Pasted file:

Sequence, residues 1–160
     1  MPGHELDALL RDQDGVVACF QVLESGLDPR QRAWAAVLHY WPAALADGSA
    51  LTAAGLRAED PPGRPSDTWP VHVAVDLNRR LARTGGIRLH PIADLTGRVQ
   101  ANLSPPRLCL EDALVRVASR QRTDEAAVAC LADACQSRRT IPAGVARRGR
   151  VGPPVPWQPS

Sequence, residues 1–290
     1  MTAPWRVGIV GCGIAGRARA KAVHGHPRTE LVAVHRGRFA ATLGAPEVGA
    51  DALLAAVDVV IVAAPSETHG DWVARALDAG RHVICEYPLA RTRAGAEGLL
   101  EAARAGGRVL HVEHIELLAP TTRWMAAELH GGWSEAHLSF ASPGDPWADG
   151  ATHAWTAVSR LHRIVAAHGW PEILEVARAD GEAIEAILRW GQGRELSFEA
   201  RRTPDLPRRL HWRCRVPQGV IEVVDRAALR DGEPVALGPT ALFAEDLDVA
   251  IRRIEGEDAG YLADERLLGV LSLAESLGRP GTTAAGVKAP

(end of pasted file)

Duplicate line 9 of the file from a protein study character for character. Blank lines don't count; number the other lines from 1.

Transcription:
   101  EAARAGGRVL HVEHIELLAP TTRWMAAELH GGWSEAHLSF ASPGDPWADG